The cases of Minister for Home Affairs v DUA16 and Minister for Home Affairs v CHK16 [2020] HCA 46 highlight an interesting application of legal unreasonableness to what appears to be case of fraud.

It was common ground that the applicants in these cases (and probably about 40 others) were the victims of fraud by their migration agent (who was also a lawyer). She didn’t tell her clients that she intended to use a pro-forma submission to the Immigration Assessment Authority (“the Authority”)(which reviews claims for asylum for maritime arrivals).

She apparently didn’t do a great job with the pro-forma because:

In the case of CHK16, the agent, acting fraudulently, provided submissions where the entirety of the personal circumstances concerned the wrong person. [the details for DUA16 were partly correct]. The Authority was unaware of the agent’s fraud. The Authority noticed that the submissions concerned the wrong person yet did not seek to obtain the correct submissions and any new information about the correct applicant. Instead, it had regard to the submissions concerning generic information and legal issues but disregarded the information concerning the personal circumstances of the wrong person.

So what are the legal consequences of this?

  1. firstly, as a ground of judicial review, fraud must affect a particular duty, function, or power of the Authority. It is not sufficient to assert that fraud might be said to affect the process of decision-making in some abstract sense. Although the Authority requested (pursuant to a Practice Direction) submissions and received false ones, the Court said that this did not affect the Authority’s power to make the request. No duty, function or power was affected in any adverse way; and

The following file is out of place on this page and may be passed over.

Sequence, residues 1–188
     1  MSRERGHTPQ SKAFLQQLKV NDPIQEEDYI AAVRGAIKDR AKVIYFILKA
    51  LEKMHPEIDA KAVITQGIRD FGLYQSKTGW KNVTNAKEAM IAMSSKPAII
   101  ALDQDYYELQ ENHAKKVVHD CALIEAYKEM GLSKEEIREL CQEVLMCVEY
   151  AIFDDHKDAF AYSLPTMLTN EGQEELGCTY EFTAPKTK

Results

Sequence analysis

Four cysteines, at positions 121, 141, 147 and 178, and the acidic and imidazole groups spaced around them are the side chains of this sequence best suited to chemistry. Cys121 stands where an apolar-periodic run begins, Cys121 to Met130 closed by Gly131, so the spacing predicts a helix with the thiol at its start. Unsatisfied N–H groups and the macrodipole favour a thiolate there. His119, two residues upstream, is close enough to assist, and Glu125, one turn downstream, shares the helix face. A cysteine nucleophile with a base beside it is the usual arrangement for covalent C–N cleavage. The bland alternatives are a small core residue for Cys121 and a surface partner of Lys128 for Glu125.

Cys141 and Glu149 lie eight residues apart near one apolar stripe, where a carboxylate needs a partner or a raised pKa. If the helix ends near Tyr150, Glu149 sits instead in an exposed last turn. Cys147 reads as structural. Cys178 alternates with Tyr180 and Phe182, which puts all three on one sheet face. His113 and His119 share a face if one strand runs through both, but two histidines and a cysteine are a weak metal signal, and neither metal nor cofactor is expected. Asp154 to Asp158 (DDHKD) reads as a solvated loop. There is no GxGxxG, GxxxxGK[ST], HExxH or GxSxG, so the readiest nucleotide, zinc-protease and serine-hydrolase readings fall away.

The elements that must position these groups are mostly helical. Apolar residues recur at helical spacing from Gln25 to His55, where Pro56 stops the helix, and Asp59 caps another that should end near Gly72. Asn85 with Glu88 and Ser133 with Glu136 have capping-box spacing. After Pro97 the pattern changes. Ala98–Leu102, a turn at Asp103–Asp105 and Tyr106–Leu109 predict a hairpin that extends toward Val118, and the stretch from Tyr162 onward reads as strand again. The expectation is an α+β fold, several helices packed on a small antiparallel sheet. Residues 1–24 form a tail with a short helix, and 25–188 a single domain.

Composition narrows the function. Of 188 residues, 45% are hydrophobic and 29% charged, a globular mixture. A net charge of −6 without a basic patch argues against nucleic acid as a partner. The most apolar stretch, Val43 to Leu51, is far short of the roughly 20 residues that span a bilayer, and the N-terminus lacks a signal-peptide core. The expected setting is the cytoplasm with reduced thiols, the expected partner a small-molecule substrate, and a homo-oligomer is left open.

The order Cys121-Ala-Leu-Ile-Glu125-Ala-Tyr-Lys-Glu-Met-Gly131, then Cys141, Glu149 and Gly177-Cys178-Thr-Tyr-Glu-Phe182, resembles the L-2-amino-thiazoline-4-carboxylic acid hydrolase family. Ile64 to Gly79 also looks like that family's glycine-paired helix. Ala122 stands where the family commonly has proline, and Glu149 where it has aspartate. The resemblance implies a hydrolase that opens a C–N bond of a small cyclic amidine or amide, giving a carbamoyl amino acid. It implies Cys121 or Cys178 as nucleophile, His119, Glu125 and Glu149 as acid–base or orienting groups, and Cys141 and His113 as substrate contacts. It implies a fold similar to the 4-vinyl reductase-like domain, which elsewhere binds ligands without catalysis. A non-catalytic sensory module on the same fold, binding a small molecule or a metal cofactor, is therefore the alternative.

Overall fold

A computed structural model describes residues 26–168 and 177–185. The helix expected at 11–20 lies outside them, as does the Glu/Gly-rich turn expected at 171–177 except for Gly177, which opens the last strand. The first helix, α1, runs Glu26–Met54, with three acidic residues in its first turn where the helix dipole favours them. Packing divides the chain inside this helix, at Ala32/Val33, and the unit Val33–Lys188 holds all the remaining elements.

2. However, all was not lost for the Appellants because the Authority was aware that the information it received was in relation to a different person. In those circumstances it was held to be legally unreasonable not to request the correct information.

This is interesting because the general proposition is that “there is no general obligation on the Authority to advise referred applicants of their opportunities to present new information. Nor is there any general obligation upon the Authority to get new information. This is so even if the submissions are hopeless, or if they contain errors, even major errors, about facts or law.” However, all powers have to be exercised “legally reasonably” and  “the failure of an administrative decision-maker to make inquiry into factual matters which can readily be determined and are of critical significance to a decision made under statutory authority, has sometimes been said to support characterisation of the decision as an exercise of power so unreasonable that no reasonable person would have so exercised it.” A very interesting balance between the two, but the circumstances of these applicants was said to be “extreme’.

Creative commons acknowledgment for the photograph.

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